Google Shows Off Its Chrome Web Store

Six months after Google (NSDQ: GOOG) first said it was developing an online store that would be built into its Google Chrome web browser and forthcoming Chrome OS operating system where users would be able to find — and buy — apps, Google is rolling out the store, which at launch is featuring 500 apps from big name developers. At an event in San Francisco, Google VP Sundar Pichai showed off an uber-interactive NPR app that includes an easy way for users to add programs to playlists, while New York Times (NYSE: NYT) CTO Marc Frons demonstrated a NYTimes app that lets users see the news through various “skins” in order to scan stories by photos or editor picks.

Notably, the NYTimes app lets users read the news even when they are not connected to the internet, offering a reason why users might choose to download the app, rather than navigate directly to the NYTimes website. Google’s Pichai outlined some other advantages to the Chrome Web Store. Among them, he said, the store offers users an organized way to find online apps, as well as offering developers an easy way to make money from their creations. The store is linked to Google Checkout, so users can buy paid apps with one-click using their Google accounts.

Users look up apps on a landing page that groups apps by general topics, like news and games, and also lets users look up reviews. Google says it is beginning to roll out the store today and will be featuring it “very prominently” on the “new tab” of the Chrome browser.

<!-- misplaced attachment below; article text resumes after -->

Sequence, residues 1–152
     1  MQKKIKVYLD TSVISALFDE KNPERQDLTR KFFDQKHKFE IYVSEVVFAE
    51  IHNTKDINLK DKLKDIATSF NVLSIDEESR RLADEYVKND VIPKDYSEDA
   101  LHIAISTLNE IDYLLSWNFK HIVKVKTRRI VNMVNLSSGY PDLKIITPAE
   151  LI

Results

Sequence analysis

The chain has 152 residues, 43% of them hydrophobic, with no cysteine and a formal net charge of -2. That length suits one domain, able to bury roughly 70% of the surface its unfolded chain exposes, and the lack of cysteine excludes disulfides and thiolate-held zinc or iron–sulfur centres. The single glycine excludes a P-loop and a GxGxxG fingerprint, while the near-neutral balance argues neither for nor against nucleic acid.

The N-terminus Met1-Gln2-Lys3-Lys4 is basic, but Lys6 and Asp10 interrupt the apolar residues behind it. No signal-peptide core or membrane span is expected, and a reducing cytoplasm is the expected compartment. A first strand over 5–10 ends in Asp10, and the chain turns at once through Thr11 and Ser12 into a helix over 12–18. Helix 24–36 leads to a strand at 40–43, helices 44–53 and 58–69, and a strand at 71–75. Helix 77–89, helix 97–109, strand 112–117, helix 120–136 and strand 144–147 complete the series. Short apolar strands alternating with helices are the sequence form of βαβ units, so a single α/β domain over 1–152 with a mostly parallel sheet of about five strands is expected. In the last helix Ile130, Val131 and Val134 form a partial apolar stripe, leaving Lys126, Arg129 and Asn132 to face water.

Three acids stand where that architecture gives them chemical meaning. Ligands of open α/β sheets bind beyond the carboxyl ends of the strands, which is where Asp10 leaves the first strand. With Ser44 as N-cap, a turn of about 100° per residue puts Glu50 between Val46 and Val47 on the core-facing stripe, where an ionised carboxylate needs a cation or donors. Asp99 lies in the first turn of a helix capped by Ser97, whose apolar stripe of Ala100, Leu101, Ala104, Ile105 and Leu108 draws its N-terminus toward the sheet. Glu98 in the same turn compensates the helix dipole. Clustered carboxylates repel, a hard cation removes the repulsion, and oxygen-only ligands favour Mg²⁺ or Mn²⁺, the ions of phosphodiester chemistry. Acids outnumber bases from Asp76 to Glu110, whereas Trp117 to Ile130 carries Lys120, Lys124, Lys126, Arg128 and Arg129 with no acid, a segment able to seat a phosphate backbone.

Google is making a number of other Chrome-related announcements at the event. Among them:

Browser: Google’s Chrome browser now has 120 million users globally, up 300 percent since January, Google said at the event. The company also announced several updates for its browser. Director of product management Brian Rakowski said users who begin to type a website adress in the navigation bar would now see the web page immediately load even before they were finished typing (Type an “E,” for example, and the ESPN (NYSE: DIS) site will load). The browser is also getting a built-in PDF reader.

Operating system: Google offered new details about its Google Chrome OS operating system, saying it was partnering with Verizon Wireless so that buyers of laptops running Chrome OS would get “seamless web connectivity.” Users get 100 megabytes of free data access each month for two years and also can buy additional access from Verizon if they need it. Google says notebooks made by Samsung and Acer running Chrome OS will go on sale in mid-2011. In the meantime, Google is distributing some notebooks running the operating system to consumers and businesses as part of a pilot program. As for whether it will ever be available on tablets, executives would not say.